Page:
Why “Jeep”?

It has become part of the Jeep lore to endlessly debate the origins of the name and many versions proclaim themselves to be the “true” story. Most sources agree, however, that “jeep” was a term known in some circles well before the introduction of these vehicles – but with disputed meanings.

Some authorities point to a cartoon character of the day called Eugene the Jeep. Because Eugene could go anywhere, “jeep” was a natural name for these sturdy scout cars; but this link is uncertain.

Other accounts assert “jeep” contracted the letters “GP”. GP for “General Purpose” was used widely throughout the US military, from tents to bombs, but never with respect to these vehicles. If anything, GP would have come from Ford’s designation for their early production vehicles. However, the 4,456 Ford GP’s are less than 1% of all WWII Jeeps made, and lend-lease meant most of these went to the far-flung corners of the globe.

The most probable account – although controversial – is based on “jeep” as a slang term used by World War I soldiers for new recruits and for new unproven equipment (there are examples of inter-war contraptions entirely dissimilar from these scout cars being called jeeps). A Willys test driver, Red Hausmann, accompanied the car for its testing at Camp Holabird in 1940. He heard soldiers calling it a “jeep” and liked the way it sounded. In early 1941, Willys staged a press event in Washington, D.C. where their Quad prototype showed itself off by driving up the Capitol steps. Hausmann also gave a demonstration ride to a group of dignitaries, including Katherine Hillyer, a reporter from the Washington Daily News. When asked, Hausmann said, “It’s a jeep.” Hillyer’s newspaper article on February 20, 1941 included a photo showing the Quad going up the Capitol steps and a caption calling the new scout cars “jeeps.” This is the most likely source of the term being fixed into the public awareness.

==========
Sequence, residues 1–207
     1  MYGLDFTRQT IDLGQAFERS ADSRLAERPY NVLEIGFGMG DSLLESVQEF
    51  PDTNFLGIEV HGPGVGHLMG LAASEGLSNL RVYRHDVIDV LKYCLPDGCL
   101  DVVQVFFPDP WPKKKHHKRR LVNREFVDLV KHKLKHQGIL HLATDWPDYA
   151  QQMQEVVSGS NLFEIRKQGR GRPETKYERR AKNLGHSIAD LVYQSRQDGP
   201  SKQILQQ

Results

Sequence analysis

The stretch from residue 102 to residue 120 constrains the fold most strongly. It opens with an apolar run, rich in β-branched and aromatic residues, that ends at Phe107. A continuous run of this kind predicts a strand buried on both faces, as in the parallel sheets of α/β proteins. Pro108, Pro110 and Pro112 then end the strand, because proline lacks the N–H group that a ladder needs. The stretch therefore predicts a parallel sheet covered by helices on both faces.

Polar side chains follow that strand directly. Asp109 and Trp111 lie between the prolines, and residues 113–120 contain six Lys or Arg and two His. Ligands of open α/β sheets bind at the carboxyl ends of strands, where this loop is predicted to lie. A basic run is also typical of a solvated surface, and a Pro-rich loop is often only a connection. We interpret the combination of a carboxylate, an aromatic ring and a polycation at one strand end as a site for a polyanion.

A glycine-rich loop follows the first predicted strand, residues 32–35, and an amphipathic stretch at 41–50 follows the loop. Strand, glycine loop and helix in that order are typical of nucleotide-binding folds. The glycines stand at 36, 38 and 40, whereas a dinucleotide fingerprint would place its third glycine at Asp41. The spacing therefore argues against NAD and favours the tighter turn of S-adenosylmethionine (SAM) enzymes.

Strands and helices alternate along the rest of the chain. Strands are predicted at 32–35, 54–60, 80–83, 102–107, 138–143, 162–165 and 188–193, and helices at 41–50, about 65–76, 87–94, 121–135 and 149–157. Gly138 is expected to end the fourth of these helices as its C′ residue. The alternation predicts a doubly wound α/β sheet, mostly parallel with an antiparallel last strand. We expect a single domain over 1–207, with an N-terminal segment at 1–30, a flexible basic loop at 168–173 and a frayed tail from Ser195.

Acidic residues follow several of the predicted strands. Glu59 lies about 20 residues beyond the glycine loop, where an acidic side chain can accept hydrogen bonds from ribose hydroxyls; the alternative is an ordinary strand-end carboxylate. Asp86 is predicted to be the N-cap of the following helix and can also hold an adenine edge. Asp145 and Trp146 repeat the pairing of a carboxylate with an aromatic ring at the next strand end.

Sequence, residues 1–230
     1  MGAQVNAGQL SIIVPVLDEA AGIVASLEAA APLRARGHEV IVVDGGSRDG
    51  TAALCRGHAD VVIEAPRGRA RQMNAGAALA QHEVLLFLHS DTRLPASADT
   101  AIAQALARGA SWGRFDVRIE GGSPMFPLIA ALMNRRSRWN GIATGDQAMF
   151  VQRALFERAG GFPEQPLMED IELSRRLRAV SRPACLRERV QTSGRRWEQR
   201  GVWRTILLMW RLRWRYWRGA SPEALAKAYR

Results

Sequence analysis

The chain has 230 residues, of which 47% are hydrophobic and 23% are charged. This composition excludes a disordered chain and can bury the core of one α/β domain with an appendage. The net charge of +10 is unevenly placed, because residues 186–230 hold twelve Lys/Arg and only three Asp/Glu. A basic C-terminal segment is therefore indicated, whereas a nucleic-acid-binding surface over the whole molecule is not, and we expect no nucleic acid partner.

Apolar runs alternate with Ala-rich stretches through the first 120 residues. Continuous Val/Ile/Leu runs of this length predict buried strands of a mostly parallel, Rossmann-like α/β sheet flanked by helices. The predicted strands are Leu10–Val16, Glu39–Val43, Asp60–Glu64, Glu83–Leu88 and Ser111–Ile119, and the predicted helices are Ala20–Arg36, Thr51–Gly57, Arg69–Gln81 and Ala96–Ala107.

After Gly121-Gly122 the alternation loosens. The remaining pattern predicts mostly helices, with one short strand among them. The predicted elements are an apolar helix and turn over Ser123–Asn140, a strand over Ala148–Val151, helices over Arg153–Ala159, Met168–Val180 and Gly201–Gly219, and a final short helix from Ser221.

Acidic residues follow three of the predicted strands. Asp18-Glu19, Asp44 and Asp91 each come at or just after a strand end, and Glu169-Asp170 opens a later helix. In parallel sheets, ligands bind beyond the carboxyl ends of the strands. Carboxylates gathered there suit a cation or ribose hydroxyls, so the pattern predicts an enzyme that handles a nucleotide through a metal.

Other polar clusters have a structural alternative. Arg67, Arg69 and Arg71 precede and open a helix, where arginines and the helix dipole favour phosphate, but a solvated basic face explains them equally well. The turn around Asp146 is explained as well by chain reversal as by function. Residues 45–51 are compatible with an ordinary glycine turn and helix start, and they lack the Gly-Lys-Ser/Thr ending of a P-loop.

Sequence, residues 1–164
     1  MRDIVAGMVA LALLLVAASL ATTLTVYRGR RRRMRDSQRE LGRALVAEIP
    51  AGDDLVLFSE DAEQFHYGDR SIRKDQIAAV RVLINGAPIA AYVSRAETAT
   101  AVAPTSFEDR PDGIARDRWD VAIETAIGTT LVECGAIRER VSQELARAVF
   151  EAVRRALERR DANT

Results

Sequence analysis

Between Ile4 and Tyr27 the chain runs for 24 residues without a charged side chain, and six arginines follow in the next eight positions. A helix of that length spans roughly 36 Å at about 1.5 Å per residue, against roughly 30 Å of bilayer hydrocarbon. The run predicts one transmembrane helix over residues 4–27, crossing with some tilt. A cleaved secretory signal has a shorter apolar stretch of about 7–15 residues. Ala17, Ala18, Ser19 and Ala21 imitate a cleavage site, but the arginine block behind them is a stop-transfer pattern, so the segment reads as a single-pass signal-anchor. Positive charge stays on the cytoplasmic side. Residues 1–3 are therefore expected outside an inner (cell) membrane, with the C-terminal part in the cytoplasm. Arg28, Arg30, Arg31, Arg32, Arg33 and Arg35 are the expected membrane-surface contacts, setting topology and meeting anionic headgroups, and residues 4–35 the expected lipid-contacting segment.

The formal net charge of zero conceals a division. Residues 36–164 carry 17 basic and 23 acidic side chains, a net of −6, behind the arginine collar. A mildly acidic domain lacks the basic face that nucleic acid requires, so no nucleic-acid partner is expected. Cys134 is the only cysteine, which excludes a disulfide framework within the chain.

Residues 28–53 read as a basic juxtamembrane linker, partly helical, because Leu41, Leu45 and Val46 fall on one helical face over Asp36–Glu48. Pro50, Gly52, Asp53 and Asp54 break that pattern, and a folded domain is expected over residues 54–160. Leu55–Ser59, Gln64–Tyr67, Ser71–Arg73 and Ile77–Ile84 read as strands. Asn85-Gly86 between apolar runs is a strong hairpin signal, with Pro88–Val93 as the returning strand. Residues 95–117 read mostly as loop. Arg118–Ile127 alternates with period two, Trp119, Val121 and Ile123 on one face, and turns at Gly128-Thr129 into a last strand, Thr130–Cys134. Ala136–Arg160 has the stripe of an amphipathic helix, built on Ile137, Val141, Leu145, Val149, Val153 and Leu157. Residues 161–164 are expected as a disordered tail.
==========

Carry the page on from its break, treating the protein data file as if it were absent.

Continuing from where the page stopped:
Those who favor Eugene the Jeep or contracting “GP” are required to believe the Jeep was named from the GI’s experiences after the vehicles entered service. Having the same name spring up from end-users world wide would not be expected; a variety of regional names is far more likely. Since jeeps were jeeps the day they arrived in-theater, some common starting point for the name has the greatest likelihood (like the well-documented Feb 1941 newspaper photo caption); but the debate will never be settled.


Jeeps, from whatever manufacturer, served with distinction in every combat zone and every “rear area” of the war. Field modifications were endless; from VIP limousines to garbage trucks, from litter carriers to artillery platforms, from the messenger service to heavily armed rapid strike assault vehicles. They drove over good roads, through deep mud, forded streams, sped over sand, and some even went to sea. In Naval service, besides being used around shore bases in the same ways as at any other military base, some were used aboard fleet carriers as aircraft “tugs.” In the ETO, many Jeeps were field-modified with a 3-ft vertical steel bar welded to the center of the front bumper to break decapitation wires strung across roads.

Through lend-lease, Jeeps of all configurations served prolifically with all Allied powers. Jeeps became so common in and around the European battle areas that German troops came to believe that each American soldier was issued his own Jeep.


Despite some shortcomings, the jeep was generally well-liked, seen as versatile, maneuverable, reliable, and almost indestructible. The seats were found uncomfortable, sometimes caused the so-called “Jeep riders’ disease” and cramped in the rear, but many soldiers enjoyed driving the nimble jeep, appreciating its powerful engine; and with its light weight, low-cut body sides, bucket seats and manual floor-shifter, it was as close to a sportscar as most GIs had ever driven. Enzo Ferrari called the Jeep “America’s only real sports car.” Nazi generals admired the jeep more than any other U.S. materiel, and it was the vehicle the most liked to capture for general use.

So ubiquitous was the Jeep and diverse in its capabilities that Gen Dwight D. Eisenhower listed it among the three primary tools that won the war: the Jeep, the Dakota, and the Landing Craft. Interestingly, none of these were weapons.

Technical Specs

Machinery4-cyl. side valves, 134 cu in (2199 cc), 60 hp, 1 throat carburetor, manual choke, 6Volt DC-current generator, Failsafe automatic fuse
Length3.33 m
Width1.58 m
Height1.83 m
Weight1.0 t